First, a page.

What's in a frame

April 17, 2020 in Community

The Innovation Center at Boeing’s Renton, Washington plant usually supports the site with tooling, prototypes, “everything and anything,” as additive manufacturing focal Jeremiah Avery said.

These days, however, it’s supporting medical workers around the United States, as they care for patients infected with COVID-19 by making Personal Protective Equipment (PPE).

Avery and fellow additive manufacturing subject matter expert, Joshua Dunn, have been hard at work to 3D-print face shield frames before shipping them to our St. Louis site, where they’re assembled and donated to FEMA for distribution to hospital workers. They’re one of multiple Boeing teams across the United States helping the effort.

When Avery heard Boeing was going to 3D-print PPE, he used LinkedIn to connect with Greg Hyslop and offer his services.

“I said, ‘Make sure my name’s in there when you need us and we can fire the machines up,’” Avery said. “We got the go-ahead on a Friday night, and we were there Saturday morning.”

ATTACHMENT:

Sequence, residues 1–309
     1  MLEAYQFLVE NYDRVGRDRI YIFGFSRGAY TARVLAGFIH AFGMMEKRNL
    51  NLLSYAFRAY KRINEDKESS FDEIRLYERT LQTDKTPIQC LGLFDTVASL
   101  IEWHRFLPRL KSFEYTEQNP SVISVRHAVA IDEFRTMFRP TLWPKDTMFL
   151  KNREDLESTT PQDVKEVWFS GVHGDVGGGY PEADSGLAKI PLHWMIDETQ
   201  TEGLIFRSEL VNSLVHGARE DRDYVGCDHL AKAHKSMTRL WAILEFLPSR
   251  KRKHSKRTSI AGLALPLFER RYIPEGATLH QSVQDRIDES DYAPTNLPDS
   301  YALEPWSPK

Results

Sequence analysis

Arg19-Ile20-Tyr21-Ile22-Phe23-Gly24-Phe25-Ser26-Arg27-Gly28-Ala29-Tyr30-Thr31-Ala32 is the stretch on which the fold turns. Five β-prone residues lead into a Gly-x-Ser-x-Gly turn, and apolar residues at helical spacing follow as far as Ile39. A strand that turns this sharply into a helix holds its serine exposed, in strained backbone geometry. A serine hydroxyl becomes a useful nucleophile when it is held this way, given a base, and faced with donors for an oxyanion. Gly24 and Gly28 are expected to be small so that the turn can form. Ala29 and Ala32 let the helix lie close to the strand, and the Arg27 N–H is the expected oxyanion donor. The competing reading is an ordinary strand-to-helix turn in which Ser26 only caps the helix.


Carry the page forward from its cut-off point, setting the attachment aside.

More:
Over the past week Avery and Dunn have printed 800 face shield frames and counting.

Dunn said it’s rewarding knowing they’re helping medical professionals on the front lines.

“It’s pretty cool when you see it on the news and in articles: We’re helping the best we can,” Avery said. “We have seven weeks before we find out if we continue, pivot or wrap it up. And we’ll keep going until they cut us off.”

On April 10, 2020, Boeing made its initial delivery of face shields to the Federal Emergency Management Agency for distribution to health care professionals in need of personal protective equipment, and is planning to deliver more by the end of this week.

The FDA authorized the face shields for PPE use by healthcare providers during the national emergency, but has not cleared or approved them under its standard regulatory processes.

Kate Everson